Consistently fresh and inventive, its hard to believe that Les Talens Lyriques is already 20 years old. Under the direction of its founder and harpsichordist Christophe Rousset, the vocal and instrumental ensemble made a welcome return to London for this lunchtime concert of French Baroque gems.
The short but neat programme fused the classic French style with that of the Italian tradition. At its centre was Jean-Baptiste Lullys scena for solo soprano, Ah Rinaldo! Dove sei? With its impassioned Italian text. Lully (who was, in fact, born Giovanni Battista Lulli in Florence) set aside the noble restraint so beloved of his patron, Louis XIV, and indulged in a passionate lament of abandoned love. Unfortunately, soprano Eugnie Warnier didnt quite convince as the desperate Armida. Her tone was a touch heavy, even stodgy in parts, and she appeared to be play acting at emotion rather than delivering it for real. The same lacklustre qualities hampered her interpretation of Michel Pignolet Montclairs cantata Morte di Lucretia. This was all the more disappointing given the fine instrumental support and the lively and engaging nature of the composers writing.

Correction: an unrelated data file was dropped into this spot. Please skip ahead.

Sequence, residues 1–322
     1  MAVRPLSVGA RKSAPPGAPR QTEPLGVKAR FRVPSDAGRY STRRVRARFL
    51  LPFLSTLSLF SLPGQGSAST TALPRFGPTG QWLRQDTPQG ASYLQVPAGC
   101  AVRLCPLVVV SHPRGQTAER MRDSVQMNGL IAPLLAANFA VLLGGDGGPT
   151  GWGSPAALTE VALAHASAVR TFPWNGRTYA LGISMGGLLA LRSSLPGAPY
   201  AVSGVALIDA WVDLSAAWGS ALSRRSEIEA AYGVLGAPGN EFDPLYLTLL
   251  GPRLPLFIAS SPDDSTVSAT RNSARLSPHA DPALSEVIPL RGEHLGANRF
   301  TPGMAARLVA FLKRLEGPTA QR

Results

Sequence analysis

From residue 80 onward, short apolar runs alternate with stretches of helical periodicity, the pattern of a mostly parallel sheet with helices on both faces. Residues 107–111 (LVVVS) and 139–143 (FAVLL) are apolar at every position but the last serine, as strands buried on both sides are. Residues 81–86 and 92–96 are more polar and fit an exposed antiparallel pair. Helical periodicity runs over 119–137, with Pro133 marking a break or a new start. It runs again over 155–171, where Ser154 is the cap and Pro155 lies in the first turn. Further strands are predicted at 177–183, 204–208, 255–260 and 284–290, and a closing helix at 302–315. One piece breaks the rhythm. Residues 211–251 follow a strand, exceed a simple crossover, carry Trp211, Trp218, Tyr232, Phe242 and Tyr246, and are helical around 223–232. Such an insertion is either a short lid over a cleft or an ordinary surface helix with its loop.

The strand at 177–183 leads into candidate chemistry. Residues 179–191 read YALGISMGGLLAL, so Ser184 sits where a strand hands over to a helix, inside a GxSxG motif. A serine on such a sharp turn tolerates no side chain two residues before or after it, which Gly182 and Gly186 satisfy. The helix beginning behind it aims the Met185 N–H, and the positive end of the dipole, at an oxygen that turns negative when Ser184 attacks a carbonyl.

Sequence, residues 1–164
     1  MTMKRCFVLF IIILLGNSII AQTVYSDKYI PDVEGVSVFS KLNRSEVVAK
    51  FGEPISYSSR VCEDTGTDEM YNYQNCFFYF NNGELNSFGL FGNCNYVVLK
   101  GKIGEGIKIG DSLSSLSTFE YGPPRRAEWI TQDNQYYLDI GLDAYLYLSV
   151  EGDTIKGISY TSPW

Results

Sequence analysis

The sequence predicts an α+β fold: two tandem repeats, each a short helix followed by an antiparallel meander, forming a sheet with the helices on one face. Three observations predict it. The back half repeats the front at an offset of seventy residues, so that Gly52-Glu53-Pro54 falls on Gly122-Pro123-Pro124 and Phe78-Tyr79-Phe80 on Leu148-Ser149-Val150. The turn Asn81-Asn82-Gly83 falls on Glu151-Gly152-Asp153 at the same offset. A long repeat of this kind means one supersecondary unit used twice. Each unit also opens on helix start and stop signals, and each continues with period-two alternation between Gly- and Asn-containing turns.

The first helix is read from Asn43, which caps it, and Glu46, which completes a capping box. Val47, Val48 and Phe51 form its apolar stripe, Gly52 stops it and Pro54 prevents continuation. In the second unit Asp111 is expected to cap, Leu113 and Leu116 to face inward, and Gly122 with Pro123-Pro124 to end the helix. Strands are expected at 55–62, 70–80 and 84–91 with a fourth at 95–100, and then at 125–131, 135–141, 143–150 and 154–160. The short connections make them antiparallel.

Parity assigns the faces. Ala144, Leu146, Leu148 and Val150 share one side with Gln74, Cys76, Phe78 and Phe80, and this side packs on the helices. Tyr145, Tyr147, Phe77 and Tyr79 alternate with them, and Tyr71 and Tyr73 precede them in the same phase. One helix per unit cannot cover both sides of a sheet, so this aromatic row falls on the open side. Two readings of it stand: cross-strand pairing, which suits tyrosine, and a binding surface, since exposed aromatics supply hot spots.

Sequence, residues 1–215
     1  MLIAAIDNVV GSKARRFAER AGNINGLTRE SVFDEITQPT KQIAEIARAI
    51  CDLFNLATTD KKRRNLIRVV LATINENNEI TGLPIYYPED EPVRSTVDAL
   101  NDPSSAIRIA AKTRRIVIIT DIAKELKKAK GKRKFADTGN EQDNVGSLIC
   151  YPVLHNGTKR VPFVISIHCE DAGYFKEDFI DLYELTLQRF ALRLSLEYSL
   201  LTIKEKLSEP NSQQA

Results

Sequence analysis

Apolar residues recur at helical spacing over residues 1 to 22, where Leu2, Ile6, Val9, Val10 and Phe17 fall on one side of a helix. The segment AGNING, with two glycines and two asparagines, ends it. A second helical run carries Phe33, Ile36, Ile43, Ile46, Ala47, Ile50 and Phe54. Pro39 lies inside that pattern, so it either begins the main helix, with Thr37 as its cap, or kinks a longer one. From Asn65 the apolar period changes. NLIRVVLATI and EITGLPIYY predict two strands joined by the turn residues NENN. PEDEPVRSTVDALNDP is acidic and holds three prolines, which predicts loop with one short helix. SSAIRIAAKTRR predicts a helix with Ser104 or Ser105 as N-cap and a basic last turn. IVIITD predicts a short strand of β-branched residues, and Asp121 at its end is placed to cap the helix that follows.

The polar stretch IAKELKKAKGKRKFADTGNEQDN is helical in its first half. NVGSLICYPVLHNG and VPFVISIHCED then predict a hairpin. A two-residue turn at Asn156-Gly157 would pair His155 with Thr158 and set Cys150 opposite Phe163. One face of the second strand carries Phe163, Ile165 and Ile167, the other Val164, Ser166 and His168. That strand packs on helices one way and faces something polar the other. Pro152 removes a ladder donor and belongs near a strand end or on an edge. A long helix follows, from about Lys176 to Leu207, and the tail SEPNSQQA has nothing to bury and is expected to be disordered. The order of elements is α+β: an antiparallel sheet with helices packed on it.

The ensemble was on much firmer ground with its interpretation of purely instrumental music by overlapping contemporaries Franois Couperin and Jean-Phillipe Rameau. Out of Couperins set of suites Les Nations, Rousset chose the Italianate La Pimontoise to showcase the refining qualities of the French Baroque masters over popular dance rhythms. The final handful of movements was especially well played, with technical ability of a very high standard on display. Rameaus Pices de Clavecin en Concerts perfectly demonstrate the composers wit, inventiveness and practicality. Here, harpsichord and viola da gamba were joined by pairs of violins and flutes in the first Concert. Although there was some blurring between the viola da gamba and sole violin in the first movement, the final two depicting rustic villages balanced all the players with perfect poise and elegance.